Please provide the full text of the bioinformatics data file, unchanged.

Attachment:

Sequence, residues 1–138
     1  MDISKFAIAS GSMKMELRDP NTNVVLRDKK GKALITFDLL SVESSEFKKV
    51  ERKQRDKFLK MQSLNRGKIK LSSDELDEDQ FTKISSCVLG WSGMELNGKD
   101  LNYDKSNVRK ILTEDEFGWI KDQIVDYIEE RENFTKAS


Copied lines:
Sequence, residues 1–138
     1  MDISKFAIAS GSMKMELRDP NTNVVLRDKK GKALITFDLL SVESSEFKKV
    51  ERKQRDKFLK MQSLNRGKIK LSSDELDEDQ FTKISSCVLG WSGMELNGKD
   101  LNYDKSNVRK ILTEDEFGWI KDQIVDYIEE RENFTKAS